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Teschen (Czech: Těšín, Polish: Cieszyn) is a former principality and its capital. Teschen is considered a part of Silesia. The post-World War I border divides both the land and the city of Teschen between Poland and the Czech Republic. Polish part has 37,700 (1990) and Czech 23,400(1990).

Table of contents
1 The city
2 The duchy
3 External links

The city

In 1900 the population was 19,142, of which over half were German, 43 percent were Polish and the remainder were Czech. Teschen is situated on the Olsa, a tributary of the Oder river, and combines both Polish and German peculiarities in the style of its buildings. The only relic of the ancient castle is a square tower, dating from the I2th century.

Teschen is an old town and was the capital of the duchy of Teschen. It was at Teschen that Maria Theresa and Frederick II signed, in May 1779, the Peace, which put an end to the war of Bavarian succession.

The city was divided in 1920 by the Conference of Ambassadors, a body formed by the Versailles Treaty.

The duchy

It shared history of Silesia and after the feudal division of Poland in 1138 was ruled by Piast dukes from Silesian line. The duchy of Teschen belonged to the dukes of Upper Silesia, and since 1298 it recognized the overlordships of Kings of from Bohemian dynasty. Since 1343, when Poland acknowledged Bohemian rule over Silesia, it shared history of Bohemian Silesia.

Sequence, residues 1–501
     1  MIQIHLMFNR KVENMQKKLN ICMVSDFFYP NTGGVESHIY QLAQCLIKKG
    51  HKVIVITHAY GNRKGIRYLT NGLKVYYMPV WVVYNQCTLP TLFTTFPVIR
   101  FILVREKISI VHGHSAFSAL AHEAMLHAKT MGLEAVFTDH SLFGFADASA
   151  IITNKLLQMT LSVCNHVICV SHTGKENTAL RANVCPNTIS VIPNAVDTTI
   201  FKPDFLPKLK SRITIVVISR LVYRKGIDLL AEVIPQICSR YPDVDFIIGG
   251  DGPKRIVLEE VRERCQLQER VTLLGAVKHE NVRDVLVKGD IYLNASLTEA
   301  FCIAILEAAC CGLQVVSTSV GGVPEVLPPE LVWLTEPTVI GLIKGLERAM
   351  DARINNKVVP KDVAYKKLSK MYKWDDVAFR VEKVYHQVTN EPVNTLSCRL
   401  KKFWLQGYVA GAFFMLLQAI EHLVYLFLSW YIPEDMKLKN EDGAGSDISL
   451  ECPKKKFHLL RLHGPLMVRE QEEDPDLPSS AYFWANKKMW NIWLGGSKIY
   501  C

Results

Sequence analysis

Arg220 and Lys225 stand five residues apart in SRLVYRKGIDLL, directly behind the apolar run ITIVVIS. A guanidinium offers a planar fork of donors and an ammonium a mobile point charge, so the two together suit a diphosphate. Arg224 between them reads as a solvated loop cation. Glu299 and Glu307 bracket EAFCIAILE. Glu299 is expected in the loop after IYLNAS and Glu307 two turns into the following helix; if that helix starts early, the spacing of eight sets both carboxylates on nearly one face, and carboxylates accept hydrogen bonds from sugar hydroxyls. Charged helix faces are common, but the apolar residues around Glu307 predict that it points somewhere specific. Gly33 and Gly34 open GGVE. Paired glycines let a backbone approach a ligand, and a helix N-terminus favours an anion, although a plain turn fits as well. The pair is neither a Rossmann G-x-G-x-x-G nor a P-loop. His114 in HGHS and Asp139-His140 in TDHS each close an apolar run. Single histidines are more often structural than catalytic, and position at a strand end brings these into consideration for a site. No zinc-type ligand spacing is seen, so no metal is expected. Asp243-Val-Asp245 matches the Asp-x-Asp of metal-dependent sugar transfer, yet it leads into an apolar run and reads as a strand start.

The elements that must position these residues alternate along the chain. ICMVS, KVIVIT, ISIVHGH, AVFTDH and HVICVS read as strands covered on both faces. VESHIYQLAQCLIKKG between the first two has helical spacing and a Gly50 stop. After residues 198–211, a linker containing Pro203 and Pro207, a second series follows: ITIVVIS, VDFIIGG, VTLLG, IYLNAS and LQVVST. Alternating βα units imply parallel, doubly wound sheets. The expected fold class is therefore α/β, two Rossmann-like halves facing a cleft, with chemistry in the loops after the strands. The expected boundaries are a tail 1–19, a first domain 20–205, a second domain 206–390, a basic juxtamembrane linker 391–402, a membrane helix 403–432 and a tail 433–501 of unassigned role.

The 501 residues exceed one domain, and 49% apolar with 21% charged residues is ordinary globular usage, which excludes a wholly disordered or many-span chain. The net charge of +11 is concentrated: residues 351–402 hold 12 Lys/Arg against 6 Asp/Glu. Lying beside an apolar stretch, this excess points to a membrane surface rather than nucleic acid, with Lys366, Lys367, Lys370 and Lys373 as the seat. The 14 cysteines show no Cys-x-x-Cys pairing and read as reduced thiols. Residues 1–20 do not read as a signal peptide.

It became a direct apanage of the Bohemian crown in 1625 at the extinction of the male line of its dukes, and since 1766 it bore the name of Saxe-Teschen, owing to the fact that Prince Albert of Saxony, who married a daughter of Maria Theresa, received it as part of his wife's dowry. In 1822, it was bestowed on the Archduke Charles, the victor of Aspern; it was inherited by his eldest son, and, at his death, in 1895 it passed into the hands of his nephew, the Archduke Frederick. At the end of XIX the population of the duchy was split between Poles, Germans and Czechs, with moles making growing majority.

After World War I local self-governments were established and divided the region basing on ethnic bases. However, Czechs attacked Polish part of the region and then forced Poland, which was then fighting in the east, to recognize new borders. Czechoslovakia received the western section (including the Karviná basin) known as "Český Těšín", while Poland received the eastern section "Cieszyn". Poland claimed the Czech section, eventually seizing it in October, 1938 after the Munich Pact. Teschen was annexed to Germany during World War II and the 1920 borders were restored in 1945.

External links